Guest Editorial: About that Uptown Community Plan lawsuit

Posted: January 27th, 2017 | Opinion, Opinion & News | No Comments

By Sharon Gehl

Issues related to the update of the Uptown Community Plan did not go away with the City Council’s adoption of the new plan in December.

Mission Hills Heritage (MHH) and Save Our Heritage Organisation (SOHO) have filed a lawsuit complaining that the new plan would not do what they wanted, it would not lower the amount of housing that can be built in Uptown in the future, or restrict over 3,800 property owners from improving their old buildings.

MHH worked for over seven years to reduce the amount of middle class housing that can be built in multifamily areas of Uptown near public transit and jobs, because they say that it would be bad for “neighborhood character.”

“Neighborhood character” is a subjective term that we all define differently. Since Uptown is 80 percent multifamily, I think more apartments and condos would fit right in. Even Mission Hills is a 50-50 mix of multi- and single-family housing if you look at the census data, so more housing in the commercial area would not be out of character.

MHH also complains that more housing in Uptown would be bad for the environment. Actually, on average, people who live in multifamily housing use less energy than those who live in single-family houses; so more multifamily housing in Uptown would be better for the environment than building single-family houses in Temecula and telling people to drive 60 miles to jobs in Hillcrest.

Not allowing the Mission Hills community to consider any building taller than 50 feet in the commercial area would be just another way to keep the middle class out of Mission Hills. More projects like One Mission at the corner of Washington and Goldfinch streets would actually fit right into the community and improve it.

Members of MHH say that they also want to protect the “historic character” of Mission Hills. This is another subjective term that people don’t agree on. I think that the overwhelming majority of people in Mission Hills take good care of their property. The neighborhood has continually changed and improved over 100 years. There is no need to force historic regulations on owners against their will.

More than 1,000 people signed a petition against the construction of the One Mission Project in Mission Hills (Mission Paseo). Now everyone loves it. (Photo by Sharon Gehl)

The majority of people do not want to live in museum houses. The proof is the very fact that preservationists think they need to “save” buildings by taking control away from owners and forcing them to turn their property into museum exhibits.

The MHH board doesn’t represent the average Uptown resident. They don’t represent the views of the 80 percent of residents who live in multifamily housing, or renters who are concerned about the cost of living, and not the views of business owners who want more customers who walk to their stores and restaurants, and certainly not the views of the owners of over $7 billion in property that would have lost value if MHH’s plan had been adopted.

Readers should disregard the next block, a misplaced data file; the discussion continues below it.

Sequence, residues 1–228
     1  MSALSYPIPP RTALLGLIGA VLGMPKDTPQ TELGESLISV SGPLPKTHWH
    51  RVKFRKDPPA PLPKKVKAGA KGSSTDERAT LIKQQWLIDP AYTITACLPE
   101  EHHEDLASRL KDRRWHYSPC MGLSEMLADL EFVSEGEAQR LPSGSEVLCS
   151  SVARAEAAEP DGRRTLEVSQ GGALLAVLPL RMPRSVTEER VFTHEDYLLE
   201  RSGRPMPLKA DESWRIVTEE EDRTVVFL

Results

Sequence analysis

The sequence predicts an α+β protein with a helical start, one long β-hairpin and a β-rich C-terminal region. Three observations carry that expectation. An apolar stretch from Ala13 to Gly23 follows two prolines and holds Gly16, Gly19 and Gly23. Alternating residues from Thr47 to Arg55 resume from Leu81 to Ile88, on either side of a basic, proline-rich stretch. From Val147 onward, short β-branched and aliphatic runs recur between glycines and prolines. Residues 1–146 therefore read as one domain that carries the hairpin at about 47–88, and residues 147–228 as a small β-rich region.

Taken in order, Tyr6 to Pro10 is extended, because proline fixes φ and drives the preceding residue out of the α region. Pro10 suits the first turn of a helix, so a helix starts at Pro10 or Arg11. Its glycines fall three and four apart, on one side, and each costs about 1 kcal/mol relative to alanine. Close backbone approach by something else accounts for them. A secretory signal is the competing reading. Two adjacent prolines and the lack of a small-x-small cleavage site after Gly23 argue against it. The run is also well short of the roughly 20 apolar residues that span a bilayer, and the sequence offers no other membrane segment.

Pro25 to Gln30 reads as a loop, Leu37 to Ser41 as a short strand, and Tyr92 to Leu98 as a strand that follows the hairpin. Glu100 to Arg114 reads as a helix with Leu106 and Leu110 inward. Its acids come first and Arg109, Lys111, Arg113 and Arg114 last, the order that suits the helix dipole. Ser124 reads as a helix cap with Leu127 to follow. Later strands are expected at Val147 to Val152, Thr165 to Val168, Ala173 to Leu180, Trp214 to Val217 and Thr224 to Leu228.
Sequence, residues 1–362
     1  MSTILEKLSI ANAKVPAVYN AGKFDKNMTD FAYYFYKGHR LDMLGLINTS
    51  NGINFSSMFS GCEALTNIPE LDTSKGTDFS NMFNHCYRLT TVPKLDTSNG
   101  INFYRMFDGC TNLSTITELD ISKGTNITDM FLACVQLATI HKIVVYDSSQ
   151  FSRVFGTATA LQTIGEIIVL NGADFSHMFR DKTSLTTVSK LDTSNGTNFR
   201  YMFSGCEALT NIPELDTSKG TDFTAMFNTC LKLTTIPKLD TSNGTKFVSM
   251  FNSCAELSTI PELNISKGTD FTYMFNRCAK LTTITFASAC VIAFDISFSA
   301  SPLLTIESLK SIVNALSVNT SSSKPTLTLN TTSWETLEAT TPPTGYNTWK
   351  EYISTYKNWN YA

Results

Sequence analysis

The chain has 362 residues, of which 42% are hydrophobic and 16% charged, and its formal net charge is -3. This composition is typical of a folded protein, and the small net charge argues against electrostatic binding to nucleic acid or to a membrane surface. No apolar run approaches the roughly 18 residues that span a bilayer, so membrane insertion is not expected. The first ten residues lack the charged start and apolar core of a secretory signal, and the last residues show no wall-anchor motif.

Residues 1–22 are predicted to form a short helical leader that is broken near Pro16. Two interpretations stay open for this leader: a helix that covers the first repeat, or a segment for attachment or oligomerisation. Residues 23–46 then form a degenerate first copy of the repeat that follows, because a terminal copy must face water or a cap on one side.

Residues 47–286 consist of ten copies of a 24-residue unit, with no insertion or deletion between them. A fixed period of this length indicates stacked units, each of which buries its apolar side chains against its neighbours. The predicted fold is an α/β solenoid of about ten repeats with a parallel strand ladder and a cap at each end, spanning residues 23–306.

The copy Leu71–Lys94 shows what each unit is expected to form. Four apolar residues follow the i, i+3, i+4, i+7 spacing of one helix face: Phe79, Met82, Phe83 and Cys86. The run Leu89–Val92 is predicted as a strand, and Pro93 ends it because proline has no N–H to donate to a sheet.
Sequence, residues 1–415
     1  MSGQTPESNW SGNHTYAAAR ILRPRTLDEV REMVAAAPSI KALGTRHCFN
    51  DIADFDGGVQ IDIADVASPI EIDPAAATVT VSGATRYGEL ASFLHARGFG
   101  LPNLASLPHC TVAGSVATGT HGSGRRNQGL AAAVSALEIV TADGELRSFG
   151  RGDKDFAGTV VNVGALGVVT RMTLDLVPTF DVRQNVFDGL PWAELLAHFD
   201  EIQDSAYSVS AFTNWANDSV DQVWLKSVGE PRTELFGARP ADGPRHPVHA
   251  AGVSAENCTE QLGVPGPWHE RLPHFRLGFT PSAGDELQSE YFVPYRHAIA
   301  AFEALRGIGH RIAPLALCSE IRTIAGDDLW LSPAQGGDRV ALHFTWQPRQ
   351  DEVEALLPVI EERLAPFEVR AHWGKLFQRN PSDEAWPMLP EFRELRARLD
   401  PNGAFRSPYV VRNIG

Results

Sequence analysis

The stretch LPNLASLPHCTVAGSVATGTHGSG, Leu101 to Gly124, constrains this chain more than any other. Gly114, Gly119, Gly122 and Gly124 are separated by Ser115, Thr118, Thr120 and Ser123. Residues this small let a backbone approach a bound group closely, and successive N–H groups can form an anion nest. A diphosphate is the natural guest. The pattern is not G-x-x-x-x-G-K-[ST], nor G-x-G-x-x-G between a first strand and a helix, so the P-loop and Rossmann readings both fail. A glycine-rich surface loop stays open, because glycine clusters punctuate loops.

This isn’t about developers, it’s about people. Just as farmers grow food because people want to eat, developers build housing where people want to live. No one would want to build housing in Uptown if people didn’t want to live here. Lowering densities is about keeping out people who can’t afford to buy or rent something expensive.

The CEQA [California Environmental Quality Act] environmental analysis did study various plan alternatives, one of which was to keep the adopted Community Plan with the removal of the Interim Height Ordinance. The final plan that the City Council adopted tweaked this option by lowering densities in part of Mission Hills so that densities could be raised in a few other areas, while keeping the overall projected housing numbers the same. These changes were not enough to change the findings of the environmental analysis and require a new study be done.

In the end, the City Council voted for a compromise that keeps the status quo. The new plan won’t result in much new housing in the next 20 years, or do much to fight climate change. The proof is that the current densities haven’t resulted in much new housing in the 28 years since the last community plan lowered them in 1988. We’ve averaged only 0.4 percent annual growth in Uptown since the 1988 Community Plan was adopted. At this rate (0.4 percent times 20 years), we would expect only 8 percent growth in population in the next 20 years, or an increase of only 2,880 people over our current population of 36,000. That isn’t enough growth to accommodate our own children.

To build enough new housing for our children and other people’s children, and fight climate change, we need to find ways to increase densities, rather than sue the city to try to keep housing from being built right where it should be built, in urban areas where people want to live, close to jobs, stores and great restaurants.

—Sharon Gehl is a Mission Hills resident who is on the board of the Hillcrest Community Development Corp. She termed out as a member of the Mission Hills Town Council.

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